Call for Papers | Crash and Burn: Destruction in American Art

Posted in Calls for Papers by Editor on December 21, 2014

As posted at H-ArtHist:

Crash and Burn: Destruction in American Art
The Courtauld Institute of Art, London, 5–6 June 2015

Proposals due by 15 February 2015

Destruction has long occupied a central position in the construction of an American national image. From Cotton Mather’s description of Boston as ‘the City of Destruction’ to the 9/11 attacks and Hurricane Katrina, the sheer visual force of destruction has repeatedly left an indelible mark on the collective psyche. As historians such as Richard Slotkin and Kevin Rozario have demonstrated, violent and destructive episodes have been inextricably linked with the apparently opposing forces of creation and regeneration so central to American self-imaging. This symposium will elaborate on such historical accounts to examine how the idea of destruction has shaped and been shaped by American art and visual culture.

Whether through the kind of dramatic cataclysm predicted in Thomas Cole’s The Course of Empire, or the ruined aftermath captured by the post-industrial landscapes of photographer Lewis Baltz, images of destruction in American art have often engaged with the most pressing historical questions of their time. Intensifying the paradoxes between artistic creation and destruction, American art has sometimes been directly engaged in the destructive act itself. As the recent ground-breaking exhibition Damage Control: Art and Destruction Since 1950 made clear, the efforts of conceptual artists to incorporate destruction as an artistic technique not only threatened to destroy the art object, but offered a powerful comment on contemporary social phenomena including urban renewal and ecological devastation. The capacity of artworks from earlier periods to embody such social and environmental concerns is a subject that merits increased scholarly attention.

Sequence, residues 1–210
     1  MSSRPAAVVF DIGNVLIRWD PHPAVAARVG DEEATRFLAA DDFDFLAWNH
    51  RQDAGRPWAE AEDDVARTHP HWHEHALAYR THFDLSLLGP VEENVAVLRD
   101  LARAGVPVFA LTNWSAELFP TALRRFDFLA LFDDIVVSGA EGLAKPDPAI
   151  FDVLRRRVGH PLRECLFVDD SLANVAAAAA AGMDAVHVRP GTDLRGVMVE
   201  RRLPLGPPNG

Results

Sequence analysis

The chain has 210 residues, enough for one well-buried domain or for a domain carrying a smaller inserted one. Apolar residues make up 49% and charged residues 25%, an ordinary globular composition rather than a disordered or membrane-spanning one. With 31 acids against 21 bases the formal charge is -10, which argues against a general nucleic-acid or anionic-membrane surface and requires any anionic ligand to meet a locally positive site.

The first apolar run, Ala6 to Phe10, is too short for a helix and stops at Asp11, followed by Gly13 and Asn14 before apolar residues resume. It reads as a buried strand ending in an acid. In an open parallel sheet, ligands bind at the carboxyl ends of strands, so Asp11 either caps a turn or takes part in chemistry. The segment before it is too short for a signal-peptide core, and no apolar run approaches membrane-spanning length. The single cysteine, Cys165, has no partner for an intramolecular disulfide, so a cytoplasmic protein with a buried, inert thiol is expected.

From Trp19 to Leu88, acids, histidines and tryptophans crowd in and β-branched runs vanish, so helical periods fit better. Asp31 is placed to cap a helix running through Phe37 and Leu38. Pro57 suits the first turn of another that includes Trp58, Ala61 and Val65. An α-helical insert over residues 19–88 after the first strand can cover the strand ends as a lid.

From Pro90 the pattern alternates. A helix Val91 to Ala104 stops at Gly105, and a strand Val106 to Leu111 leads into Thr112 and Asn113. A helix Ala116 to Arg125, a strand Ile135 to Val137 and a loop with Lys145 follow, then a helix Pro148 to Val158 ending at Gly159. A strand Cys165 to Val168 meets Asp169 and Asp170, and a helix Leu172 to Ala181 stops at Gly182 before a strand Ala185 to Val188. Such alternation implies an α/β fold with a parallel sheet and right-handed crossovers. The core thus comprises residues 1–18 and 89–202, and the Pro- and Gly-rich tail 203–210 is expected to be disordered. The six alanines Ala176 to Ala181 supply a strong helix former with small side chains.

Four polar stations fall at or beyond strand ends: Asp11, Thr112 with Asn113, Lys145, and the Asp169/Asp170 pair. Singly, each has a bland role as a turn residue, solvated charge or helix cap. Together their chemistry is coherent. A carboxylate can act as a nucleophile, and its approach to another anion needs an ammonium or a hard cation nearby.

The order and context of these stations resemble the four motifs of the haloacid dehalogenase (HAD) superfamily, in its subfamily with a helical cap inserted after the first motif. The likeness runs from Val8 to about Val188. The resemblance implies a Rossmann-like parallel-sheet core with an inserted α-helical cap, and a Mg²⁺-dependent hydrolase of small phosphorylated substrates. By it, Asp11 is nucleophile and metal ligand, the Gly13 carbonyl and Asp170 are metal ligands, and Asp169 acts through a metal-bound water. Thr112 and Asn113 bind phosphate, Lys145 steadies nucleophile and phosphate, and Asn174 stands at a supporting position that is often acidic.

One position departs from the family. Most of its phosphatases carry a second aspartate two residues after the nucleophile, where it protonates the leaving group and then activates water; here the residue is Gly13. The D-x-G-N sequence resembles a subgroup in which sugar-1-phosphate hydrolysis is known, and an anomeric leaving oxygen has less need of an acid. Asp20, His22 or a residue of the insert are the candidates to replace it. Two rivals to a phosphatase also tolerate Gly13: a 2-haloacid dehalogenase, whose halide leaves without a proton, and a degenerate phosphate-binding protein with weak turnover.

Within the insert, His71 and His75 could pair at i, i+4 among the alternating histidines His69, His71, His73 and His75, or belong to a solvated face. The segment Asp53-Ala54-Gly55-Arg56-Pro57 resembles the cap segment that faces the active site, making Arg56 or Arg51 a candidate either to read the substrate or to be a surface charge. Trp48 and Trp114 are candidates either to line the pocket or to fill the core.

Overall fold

The symposium will attempt to establish a genealogy for the destructive impulse as it was specifically activated in American art, charting its evolution from the colonial era to the present. How do American artists reconcile destruction with their own processes of creation? What motivated artists to incorporate destruction into their art, and how have these contextual meanings changed over time? The symposium will interrogate destruction as a theme addressed by artists through their work, but also consider those external forces that have seen the artwork itself subjected to the forces of destruction. Papers can consider works of art of all mediums and periods, as well as a wider range of visual and material culture.

Please submit abstracts of 150–200 words in English, along with a short biography of approximately 100 words to destructionsymposium@gmail.com by 15 February 2015. Speakers and attendees alike will be invited to submit proposals to present further work in a related workshop to be held at Tate later in 2015, as part of their Refiguring American Art initiative.

Organised by Hélène Valance, Terra Foundation for American Art Postdoctoral Fellow, The Courtauld Institute of Art, and Alex J. Taylor, Terra Foundation Research Fellow in American Art, Tate.